Prosecutor Thibedi called Captain Michelle Lesch as his second witness.
Lesch was a notable, professional improvement on Grootboom. Befitting her position as a high ranking officer, she provided clear answers and would often add info for clarification.
She provided insight into regulations and how the police station treated evidence. Regards the latter, which is vital to this case, she said that evidence would be collected each morning from the safe at CSC (Community Services Centre) by a SAP13 clerk (either Sergeant Carmen Coetzee or Sergeant Abraham Coetzer). This would then be noted in a ‘register’ which in turn would be checked on by a higher ranking officer who’d make a ‘list’.
As final oversight, a monthly ‘certificate’ would be sent to provincial headquarters.
From her testimony, the following facts and history of actions were obtained:
- The laptop was part of the same evidence that included 41kg of dagga. The laptop was in the same bag. When the dagga was destroyed, the laptop was not with it and was classified as “outstanding”. “Outstanding” does not mean “missing”, just that it has not been disposed of and should still be sitting on a shelf in the SAP13 storeroom at the back of the Knysna SAPS station.
- The records show that Sergeant Maurice Grootboom (CSC) signed the laptop over to Sergeant Coetzee, the SAP13 clerk, who noted it in her register.
- Coetzee and Coetzer update their register monthly. During part of this period in 2013, Coetzer was on leave.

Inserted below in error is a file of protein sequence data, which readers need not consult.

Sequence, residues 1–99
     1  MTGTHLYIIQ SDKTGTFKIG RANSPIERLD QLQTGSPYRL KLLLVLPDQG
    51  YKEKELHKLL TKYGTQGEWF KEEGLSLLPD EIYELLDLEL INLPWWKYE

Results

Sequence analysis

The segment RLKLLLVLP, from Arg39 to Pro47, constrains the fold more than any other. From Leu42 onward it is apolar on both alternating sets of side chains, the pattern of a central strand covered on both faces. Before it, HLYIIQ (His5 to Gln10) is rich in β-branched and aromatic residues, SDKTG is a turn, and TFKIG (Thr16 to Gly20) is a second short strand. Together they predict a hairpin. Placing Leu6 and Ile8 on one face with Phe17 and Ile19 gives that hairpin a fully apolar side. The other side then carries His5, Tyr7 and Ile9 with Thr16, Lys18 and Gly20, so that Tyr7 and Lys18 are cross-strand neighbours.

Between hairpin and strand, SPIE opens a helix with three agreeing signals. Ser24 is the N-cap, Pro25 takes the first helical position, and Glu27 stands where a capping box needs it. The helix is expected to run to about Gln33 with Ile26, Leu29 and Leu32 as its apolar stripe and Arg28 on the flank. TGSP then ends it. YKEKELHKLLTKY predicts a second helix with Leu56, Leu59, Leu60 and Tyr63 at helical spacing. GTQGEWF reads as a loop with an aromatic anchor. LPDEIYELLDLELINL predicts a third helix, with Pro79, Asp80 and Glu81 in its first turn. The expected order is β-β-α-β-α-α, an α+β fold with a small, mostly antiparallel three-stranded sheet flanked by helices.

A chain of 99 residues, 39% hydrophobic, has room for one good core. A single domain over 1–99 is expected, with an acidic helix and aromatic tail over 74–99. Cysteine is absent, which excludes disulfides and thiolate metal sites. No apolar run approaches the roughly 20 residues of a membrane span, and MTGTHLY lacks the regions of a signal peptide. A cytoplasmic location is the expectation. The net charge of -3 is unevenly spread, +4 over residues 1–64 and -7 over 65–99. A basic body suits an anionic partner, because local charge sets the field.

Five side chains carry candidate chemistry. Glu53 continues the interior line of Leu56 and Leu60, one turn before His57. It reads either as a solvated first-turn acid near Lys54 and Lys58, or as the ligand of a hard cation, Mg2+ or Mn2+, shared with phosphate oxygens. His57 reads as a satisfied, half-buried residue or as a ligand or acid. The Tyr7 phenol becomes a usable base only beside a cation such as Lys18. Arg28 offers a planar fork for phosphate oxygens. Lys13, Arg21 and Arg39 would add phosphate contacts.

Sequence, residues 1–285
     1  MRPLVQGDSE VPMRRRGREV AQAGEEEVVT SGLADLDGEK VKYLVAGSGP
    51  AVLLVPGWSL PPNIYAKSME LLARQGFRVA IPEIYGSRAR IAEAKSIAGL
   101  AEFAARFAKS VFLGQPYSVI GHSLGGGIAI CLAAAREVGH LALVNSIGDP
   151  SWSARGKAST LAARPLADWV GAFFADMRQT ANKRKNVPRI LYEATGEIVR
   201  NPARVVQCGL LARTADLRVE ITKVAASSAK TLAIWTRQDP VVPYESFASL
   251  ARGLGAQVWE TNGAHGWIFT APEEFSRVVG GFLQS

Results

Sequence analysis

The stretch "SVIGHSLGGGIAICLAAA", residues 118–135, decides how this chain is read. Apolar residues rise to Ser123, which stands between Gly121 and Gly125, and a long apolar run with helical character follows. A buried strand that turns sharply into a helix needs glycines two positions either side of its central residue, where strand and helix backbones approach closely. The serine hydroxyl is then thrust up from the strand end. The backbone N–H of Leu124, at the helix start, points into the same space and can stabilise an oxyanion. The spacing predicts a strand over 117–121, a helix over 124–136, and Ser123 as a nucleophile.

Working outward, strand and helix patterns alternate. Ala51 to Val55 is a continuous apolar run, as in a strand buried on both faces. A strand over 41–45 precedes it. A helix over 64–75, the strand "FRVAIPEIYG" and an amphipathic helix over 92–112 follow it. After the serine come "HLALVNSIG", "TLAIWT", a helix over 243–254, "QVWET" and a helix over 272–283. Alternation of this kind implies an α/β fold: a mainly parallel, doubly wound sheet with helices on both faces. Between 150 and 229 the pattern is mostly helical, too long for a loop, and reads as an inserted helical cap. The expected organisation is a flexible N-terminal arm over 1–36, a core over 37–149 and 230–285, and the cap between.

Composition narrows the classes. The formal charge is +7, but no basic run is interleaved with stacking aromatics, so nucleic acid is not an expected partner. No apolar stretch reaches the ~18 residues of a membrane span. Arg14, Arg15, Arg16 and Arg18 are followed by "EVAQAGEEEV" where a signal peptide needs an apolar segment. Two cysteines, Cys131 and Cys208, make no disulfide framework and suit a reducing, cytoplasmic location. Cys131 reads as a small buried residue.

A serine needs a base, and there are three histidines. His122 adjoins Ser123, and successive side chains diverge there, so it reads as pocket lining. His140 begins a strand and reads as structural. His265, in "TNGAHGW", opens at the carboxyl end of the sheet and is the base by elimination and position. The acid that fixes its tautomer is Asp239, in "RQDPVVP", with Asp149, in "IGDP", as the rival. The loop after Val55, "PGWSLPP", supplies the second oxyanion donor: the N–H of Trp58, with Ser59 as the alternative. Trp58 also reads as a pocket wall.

- An error in the check-up by superiors is that they compile lists based on the register i.e. if the register is incorrect, then the list would be incorrect (and, in turn, so would the monthly certificates). Nevertheless, Captain Dewald Kitching checked on November 28 and Captain Patrick Gogwana on December 30 2013. Neither reported the laptop missing.
- Captain Kitching had been involved in the bust that had netted the laptop and the R150 000 worth of dagga.
- On January 31 2014, Captain Lesch, when compiling a list, found the laptop to be missing and became aware that a case docket had been opened against Johann Burmeister.
- At no stage did Coetzee or Coetzer report the laptop missing to their superiors.
- Earlier, Bruwer, the attorney for Johann Burmeister, the defendant, stated that, according to the chain of evidence, that if anyone was to be blamed for the missing laptop, it should be Coetzee – Grootboom had agreed.
It was an eventful first day of court that showed flaws in the Knysna SAPS auditing. It also raised disturbing questions around the authenticity of Maurice Grootboom’s affidavit that was used against Burmeister. Senior Prosecutor Thibedi was obviously no match for Advocate Bruwer. It could also be said that lies were no match for the truth.
Magistrate Derek Torlage was again to be commended. He was often a voice of reason and clarification. His granting of recesses allowed the fetching of evidence from the police station next door which undoubtedly saved lengthy delays. True to his word at Burmeister’s previous court appearance, he was ensuring a speedy trial.
Denise, Johann Burmeister’s wife, emphasised some of this by saying that she “witnessed the lies come to light” and “was stunned beyond belief” but that “the cross-examination delivered by Adv. Bruwer was out of this world. I am glad that this case has finally started so that we can start rebuilding our lives!“
Trial day #2 in Courtroom D, upstairs at the Knysna Magistrate’s Courts, at 9am tomorrow (July 23 2014).